Wednesday, 1 December 2010

Home-made Libyan Harissa هريسة منزلية ليبيه

Harissa simply means paste so in different Arab countries it refers to very different recipes, including a semolina dessert more widely known as Basbousa.

In North Africa harissa refers to the regions favourite condment, a chili paste. It is used in dips and marinades and to add a kick to Tajins and stews. In Libya the favourite sandwich filling is harissa mixed with tuna. Tuna and harissa stuffed savoury pastries like Khbaiza are also popular.

This is one of several Libyan harissa recipes, flavored with cumin, coriander and caraway seeds.

Makes about 2 cups of Harissa.
3 cups finely chopped red chili peppers (about 14 chillies)
3-4 large cloves of garlic
1-2 teaspoons cumin
2-3 teaspoons salt
1 tablespoon tomato paste
1 tablespoon pan-roasted coriander seeds
1/2 tablespoon pan-roasted caraway seeds (optional)
1 boiled large carrot (optional)

Clean glass jar
Olive oil to cover

To make the harissa less hot,  deseed and de-vein  the chillies.

Process in the food mixer, or finely chop while wearing gloves.

Place the chopped chillies in a pot with  salt, cumin, tomato paste and the pan-roasted coriander and caraway seeds and simmer for half an hour on low heat

When it has cooked down puree the harissa.

Boil and puree a carrot, mix it into the chilli paste. 

Spoon the harissa into a clean glass jar, and cover with a layer of olive oil and keep in the fridge. Harissa also freezes well (spread flat in freezer bags, break off pieces to defrost as needed).


  1. Looks great! I can't imagine eating a tuna sandwich without harissa...

  2. This looks absolutely wonderful!

    Tuna and harissa - yummmm!

  3. Looks very wonderful!
    libyan food very nice.

    I'm doing Turkish food.
    Greetings from Turkey!

  4. Harissa is definitely a must with tuna! Thanks for visiting the blog! :)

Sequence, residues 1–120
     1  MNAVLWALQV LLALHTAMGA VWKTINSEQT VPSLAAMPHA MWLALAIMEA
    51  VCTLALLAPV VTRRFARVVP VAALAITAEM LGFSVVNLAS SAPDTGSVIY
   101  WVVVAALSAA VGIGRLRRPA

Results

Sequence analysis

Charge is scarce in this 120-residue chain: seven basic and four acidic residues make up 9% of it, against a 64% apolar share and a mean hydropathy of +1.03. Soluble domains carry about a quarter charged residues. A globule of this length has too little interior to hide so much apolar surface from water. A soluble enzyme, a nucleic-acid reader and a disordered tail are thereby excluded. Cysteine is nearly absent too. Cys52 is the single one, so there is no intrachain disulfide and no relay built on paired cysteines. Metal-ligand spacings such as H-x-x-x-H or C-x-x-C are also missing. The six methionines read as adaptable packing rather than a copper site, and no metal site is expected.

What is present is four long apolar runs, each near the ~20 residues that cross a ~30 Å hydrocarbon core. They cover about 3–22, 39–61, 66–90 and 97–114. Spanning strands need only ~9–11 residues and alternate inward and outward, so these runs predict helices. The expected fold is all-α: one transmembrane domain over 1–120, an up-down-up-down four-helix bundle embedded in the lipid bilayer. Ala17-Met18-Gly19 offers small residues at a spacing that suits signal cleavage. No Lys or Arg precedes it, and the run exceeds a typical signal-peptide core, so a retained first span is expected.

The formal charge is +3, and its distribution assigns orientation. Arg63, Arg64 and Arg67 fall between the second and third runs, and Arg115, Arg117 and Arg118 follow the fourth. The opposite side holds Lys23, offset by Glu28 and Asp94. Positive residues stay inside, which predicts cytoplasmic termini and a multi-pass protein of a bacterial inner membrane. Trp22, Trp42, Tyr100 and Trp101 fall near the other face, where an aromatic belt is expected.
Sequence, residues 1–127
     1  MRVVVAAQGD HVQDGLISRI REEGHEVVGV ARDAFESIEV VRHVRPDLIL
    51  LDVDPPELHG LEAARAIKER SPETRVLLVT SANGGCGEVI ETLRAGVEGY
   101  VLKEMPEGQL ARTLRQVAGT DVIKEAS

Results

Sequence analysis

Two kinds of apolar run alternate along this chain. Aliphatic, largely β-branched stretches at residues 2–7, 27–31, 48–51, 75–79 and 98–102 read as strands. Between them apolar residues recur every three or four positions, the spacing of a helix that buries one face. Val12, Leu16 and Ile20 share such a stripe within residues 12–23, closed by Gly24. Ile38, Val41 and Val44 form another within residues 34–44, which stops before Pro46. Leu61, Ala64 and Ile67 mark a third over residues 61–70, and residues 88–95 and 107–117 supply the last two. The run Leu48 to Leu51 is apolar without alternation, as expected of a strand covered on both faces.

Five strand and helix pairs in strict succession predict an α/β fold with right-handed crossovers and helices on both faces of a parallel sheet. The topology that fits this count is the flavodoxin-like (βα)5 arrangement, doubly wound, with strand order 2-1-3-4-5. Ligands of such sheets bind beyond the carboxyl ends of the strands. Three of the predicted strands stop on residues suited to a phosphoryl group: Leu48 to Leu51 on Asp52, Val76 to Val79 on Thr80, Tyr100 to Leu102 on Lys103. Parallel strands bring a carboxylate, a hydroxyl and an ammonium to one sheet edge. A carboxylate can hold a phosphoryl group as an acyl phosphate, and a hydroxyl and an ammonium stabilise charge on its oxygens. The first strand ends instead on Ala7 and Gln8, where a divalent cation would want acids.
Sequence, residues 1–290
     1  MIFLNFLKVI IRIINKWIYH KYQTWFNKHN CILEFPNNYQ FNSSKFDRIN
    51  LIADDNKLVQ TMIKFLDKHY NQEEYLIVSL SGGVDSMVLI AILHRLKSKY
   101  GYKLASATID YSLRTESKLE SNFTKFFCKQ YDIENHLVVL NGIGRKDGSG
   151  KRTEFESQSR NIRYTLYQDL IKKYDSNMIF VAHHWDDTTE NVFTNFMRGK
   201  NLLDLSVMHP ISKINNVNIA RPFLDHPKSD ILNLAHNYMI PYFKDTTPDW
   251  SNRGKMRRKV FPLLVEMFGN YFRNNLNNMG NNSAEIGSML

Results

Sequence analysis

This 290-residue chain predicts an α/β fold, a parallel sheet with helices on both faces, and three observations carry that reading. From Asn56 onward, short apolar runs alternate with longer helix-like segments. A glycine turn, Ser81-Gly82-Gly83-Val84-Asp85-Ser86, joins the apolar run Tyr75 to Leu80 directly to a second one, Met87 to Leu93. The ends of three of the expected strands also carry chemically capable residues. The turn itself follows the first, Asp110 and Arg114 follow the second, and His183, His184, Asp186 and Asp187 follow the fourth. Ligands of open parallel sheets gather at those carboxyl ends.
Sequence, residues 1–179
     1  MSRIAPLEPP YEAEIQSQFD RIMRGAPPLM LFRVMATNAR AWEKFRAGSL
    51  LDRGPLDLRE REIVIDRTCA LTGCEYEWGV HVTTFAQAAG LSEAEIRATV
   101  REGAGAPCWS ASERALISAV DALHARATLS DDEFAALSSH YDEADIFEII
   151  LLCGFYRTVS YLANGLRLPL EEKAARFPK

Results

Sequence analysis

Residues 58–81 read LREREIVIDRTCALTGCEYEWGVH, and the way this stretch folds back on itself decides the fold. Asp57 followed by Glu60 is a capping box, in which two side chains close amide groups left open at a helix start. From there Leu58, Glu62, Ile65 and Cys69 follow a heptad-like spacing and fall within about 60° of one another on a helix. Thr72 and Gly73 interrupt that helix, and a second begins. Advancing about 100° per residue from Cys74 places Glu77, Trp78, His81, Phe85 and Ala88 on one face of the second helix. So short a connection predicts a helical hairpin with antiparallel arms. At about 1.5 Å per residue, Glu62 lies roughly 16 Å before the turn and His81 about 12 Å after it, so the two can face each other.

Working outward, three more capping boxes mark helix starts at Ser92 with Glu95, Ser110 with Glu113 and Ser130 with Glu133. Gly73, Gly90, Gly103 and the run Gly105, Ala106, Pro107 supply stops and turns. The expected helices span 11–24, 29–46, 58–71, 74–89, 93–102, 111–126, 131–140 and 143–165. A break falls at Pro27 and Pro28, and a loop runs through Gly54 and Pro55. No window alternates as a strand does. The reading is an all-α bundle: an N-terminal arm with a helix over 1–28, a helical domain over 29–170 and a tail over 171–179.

5. I spent a year in Libya in 1992/1993 - most of the time I lived in Gharyan. I have fond memories of eating Bazeen with my local friends and colleagues - Fathi, Mohamed, Radwan and all the others. I wish i could find a way of getting in touch with them again!.

  6. Do you have a recipe for pilpel chuma? It's similar to harissa. My husband is Libyan and always talks about it.

  7. I found this here

    Filfel Chuma

    This is the hot condiment of Libyan Jews, originally prepared from dried sweet and hot peppers. This recipe offers a significant shortcut, provided you can obtain top quality cayenne pepper.

    Ingredients (makes 1 cup)

    10 cloves garlic, minced
    1 teaspoon high quality hot paprika (cayenne pepper)
    4 tablespoons high quality sweet paprika
    1 level teaspoon ground caraway
    1 level teaspoon ground cumin
    1/2 cup oil, plus more oil, to cover
    2 tablespoons freshly squeezed lemon juice
    1 teaspoon salt

    Mix the ingredients into a smooth paste. Taste and adjust the seasoning. Transfer to a sterilized jar, cover with two tablespoons of oil to prevent spoilage, and store in the refrigerator. It keeps for a long time.

  8. Thanks. I have some excellent Moroccan paprika that will go good with this.

  9. Thank you for stepping in there El Patron :) I've been away from the blog for a while and haven't looked at the comments.

  10. I had a Libyan friend in school in the 60's whose mother would send him harissa and he would add a lot of olive oil in it. He made wonderful tuna sandwiches mixing canned tuna with the harissa.
    Recently through the internet got some morroçon harissa made by Al-fez, but the taste(though good) is quite different from what I remember. I think this has too much tomato in it (14%) so I am happy to find your recipe and will try it soon. My only worry is that Indian green chillies will taste different.